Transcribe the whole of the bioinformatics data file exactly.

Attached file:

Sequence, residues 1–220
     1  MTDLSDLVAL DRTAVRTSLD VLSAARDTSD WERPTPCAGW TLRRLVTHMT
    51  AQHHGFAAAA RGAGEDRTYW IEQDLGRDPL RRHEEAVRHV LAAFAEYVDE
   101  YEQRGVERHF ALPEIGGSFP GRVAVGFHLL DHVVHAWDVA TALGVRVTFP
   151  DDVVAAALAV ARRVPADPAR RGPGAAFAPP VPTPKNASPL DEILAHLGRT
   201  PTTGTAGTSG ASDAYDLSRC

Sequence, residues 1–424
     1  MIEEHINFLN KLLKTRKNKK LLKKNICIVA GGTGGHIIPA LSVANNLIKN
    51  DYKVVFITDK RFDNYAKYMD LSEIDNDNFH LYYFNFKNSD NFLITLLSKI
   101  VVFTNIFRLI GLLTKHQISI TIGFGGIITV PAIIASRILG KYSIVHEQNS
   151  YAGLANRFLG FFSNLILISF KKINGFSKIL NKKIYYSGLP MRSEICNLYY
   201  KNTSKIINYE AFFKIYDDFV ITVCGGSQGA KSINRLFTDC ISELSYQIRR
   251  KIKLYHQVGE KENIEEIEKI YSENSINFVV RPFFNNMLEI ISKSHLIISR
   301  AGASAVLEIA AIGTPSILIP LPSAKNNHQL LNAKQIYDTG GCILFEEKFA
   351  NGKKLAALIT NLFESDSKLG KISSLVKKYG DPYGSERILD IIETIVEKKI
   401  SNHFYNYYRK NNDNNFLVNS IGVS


Sequence, residues 1–220
     1  MTDLSDLVAL DRTAVRTSLD VLSAARDTSD WERPTPCAGW TLRRLVTHMT
    51  AQHHGFAAAA RGAGEDRTYW IEQDLGRDPL RRHEEAVRHV LAAFAEYVDE
   101  YEQRGVERHF ALPEIGGSFP GRVAVGFHLL DHVVHAWDVA TALGVRVTFP
   151  DDVVAAALAV ARRVPADPAR RGPGAAFAPP VPTPKNASPL DEILAHLGRT
   201  PTTGTAGTSG ASDAYDLSRC

Sequence, residues 1–424
     1  MIEEHINFLN KLLKTRKNKK LLKKNICIVA GGTGGHIIPA LSVANNLIKN
    51  DYKVVFITDK RFDNYAKYMD LSEIDNDNFH LYYFNFKNSD NFLITLLSKI
   101  VVFTNIFRLI GLLTKHQISI TIGFGGIITV PAIIASRILG KYSIVHEQNS
   151  YAGLANRFLG FFSNLILISF KKINGFSKIL NKKIYYSGLP MRSEICNLYY
   201  KNTSKIINYE AFFKIYDDFV ITVCGGSQGA KSINRLFTDC ISELSYQIRR
   251  KIKLYHQVGE KENIEEIEKI YSENSINFVV RPFFNNMLEI ISKSHLIISR
   301  AGASAVLEIA AIGTPSILIP LPSAKNNHQL LNAKQIYDTG GCILFEEKFA
   351  NGKKLAALIT NLFESDSKLG KISSLVKKYG DPYGSERILD IIETIVEKKI
   401  SNHFYNYYRK NNDNNFLVNS IGVS